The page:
Researchers in northern France have been examining a Bronze Age rock and its mysterious markings in the hope it will point to similar ancient discoveries. It may sound like something from an Indiana Jones plot or Tomb Raider game (though presumably with less violence), but this ancient slab may turn out to be a veritable “treasure map”.
The stone, which is known as the Saint-Bélec slab, was originally discovered in 1900 by local archaeologists during a dig at a prehistoric site in Finistère, France. However, the slab then disappeared for over a century and was not rediscovered until 2014.
The slab includes various unusual etchings, which archaeologists believe represent features of the Odet River and its valley. According to their assessments, the markings bear an 80 percent similarity to an area around a 29-kilometer (18-mile) stretch of the Odet. As such, in 2021, the Saint-Bélec slab was recognized as Europe’s oldest 3D map.
Since then, archaeologists have tried to decipher its cartographic markings to locate other Bronze Age sites and monuments.
"Using the map to try to find archaeological sites is a great approach. We never work like that," Yvan Pailler, a professor at the University of Western Brittany, said in a statement.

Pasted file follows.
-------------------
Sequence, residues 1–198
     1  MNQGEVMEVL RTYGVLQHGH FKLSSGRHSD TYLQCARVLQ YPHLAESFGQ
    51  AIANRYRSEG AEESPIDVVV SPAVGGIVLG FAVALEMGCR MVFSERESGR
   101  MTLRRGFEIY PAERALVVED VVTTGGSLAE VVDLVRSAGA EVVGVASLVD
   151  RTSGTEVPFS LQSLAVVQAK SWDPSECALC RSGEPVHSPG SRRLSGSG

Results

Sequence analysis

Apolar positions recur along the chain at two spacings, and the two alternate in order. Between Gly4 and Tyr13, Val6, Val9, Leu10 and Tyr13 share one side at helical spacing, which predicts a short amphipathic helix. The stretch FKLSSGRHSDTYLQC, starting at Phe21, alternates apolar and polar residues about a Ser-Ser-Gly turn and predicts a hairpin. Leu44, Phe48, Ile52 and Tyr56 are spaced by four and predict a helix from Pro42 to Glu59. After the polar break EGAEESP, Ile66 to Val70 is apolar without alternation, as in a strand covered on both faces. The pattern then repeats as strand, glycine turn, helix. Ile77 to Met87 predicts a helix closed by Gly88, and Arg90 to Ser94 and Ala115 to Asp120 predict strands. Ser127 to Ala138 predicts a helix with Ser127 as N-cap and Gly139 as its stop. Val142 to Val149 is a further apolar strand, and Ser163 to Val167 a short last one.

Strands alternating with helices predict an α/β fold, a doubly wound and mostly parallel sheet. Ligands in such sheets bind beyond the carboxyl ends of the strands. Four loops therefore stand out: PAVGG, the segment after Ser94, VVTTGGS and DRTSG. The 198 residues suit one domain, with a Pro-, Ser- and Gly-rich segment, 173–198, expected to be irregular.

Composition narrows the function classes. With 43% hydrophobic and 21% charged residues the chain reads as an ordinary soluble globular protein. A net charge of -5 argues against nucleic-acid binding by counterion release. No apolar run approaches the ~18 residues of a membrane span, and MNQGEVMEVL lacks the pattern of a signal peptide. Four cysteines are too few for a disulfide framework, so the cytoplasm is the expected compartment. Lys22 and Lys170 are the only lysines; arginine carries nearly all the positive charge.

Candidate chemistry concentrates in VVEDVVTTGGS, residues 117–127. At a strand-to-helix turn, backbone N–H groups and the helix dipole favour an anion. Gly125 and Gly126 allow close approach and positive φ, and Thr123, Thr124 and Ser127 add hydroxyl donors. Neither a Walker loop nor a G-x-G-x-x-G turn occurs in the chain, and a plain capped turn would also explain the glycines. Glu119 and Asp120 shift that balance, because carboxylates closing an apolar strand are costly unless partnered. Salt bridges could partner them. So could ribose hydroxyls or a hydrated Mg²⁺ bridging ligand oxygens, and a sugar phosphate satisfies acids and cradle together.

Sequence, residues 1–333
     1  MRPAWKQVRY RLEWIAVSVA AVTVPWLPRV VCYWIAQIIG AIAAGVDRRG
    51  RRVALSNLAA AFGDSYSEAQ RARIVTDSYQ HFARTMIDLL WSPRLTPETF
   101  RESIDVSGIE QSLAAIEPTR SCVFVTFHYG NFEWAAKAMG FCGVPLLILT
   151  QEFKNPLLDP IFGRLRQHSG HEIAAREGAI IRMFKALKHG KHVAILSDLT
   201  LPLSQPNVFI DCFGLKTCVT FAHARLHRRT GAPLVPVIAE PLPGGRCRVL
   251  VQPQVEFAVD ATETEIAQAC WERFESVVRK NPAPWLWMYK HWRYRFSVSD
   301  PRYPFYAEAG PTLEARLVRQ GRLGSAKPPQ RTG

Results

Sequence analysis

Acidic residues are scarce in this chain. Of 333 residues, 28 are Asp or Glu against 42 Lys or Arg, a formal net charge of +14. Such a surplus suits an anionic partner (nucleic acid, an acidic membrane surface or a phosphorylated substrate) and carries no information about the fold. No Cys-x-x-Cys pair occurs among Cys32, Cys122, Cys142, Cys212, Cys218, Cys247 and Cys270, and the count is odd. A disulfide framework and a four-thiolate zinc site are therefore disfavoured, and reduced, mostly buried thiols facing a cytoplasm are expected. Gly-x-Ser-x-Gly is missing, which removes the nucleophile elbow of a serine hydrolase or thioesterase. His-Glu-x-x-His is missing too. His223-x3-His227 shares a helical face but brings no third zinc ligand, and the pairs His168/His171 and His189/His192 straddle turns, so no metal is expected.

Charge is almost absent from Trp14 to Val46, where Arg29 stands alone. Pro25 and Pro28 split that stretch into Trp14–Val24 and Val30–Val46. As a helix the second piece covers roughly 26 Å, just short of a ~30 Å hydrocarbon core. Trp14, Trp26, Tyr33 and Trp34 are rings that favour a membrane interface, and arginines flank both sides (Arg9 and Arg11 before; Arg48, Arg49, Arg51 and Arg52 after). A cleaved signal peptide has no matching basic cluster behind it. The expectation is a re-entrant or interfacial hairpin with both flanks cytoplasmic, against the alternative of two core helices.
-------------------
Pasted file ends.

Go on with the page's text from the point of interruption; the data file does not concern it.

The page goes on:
These days, archaeologists tend to rely on sophisticated radar equipment and aerial photography to find potential sites of interest. In addition, the fickle force of luck also plays an important role in discovery, especially when it comes to locating archaeological sites in cities when new foundations are being built. But the Saint-Bélec slab is providing something different.
“It's a treasure map," said Pailler.
However, Pailler and colleagues are only just at the start of their treasure hunt. Despite its specificity, the team will need to survey the entire territory identified on the slab and then cross-reference the results with the markings. It is possible the whole process could take 15 years.
Unraveling the mysteries
When the Saint-Bélec slab was first discovered, the archaeologists did not really understand its significance. However, the experts who assessed it after its rediscovery in 2014 immediately recognized its potential.
"There were a few engraved symbols that made sense right away," said Pailler.
In the coarse bumps and lines, the team could see the rivers and mountains of Roudouallec, which is part of the Brittany region – about 500 kilometers (310 miles) from Paris.
The slab also includes small, pocked hollows, which may point to burial mounds, dwellings, or other geological deposits. If these sites can be located, then they may lead to a flood of valuable archaeological discoveries.
In the meantime, Pailler and colleagues have returned to the site where the rock was originally discovered. They have already found other pieces of the slab that had broken off at some point in the distant past. It is likely they were broken off and used as a tomb wall, which could demonstrate a shift in local power dynamics within the contemporary Bronze Age settlements.
"The engraved slab no longer made sense and was doomed by being broken up and used as building material," Clement Nicolas from the French National Centre for Scientific Research Institute (CNRS), added.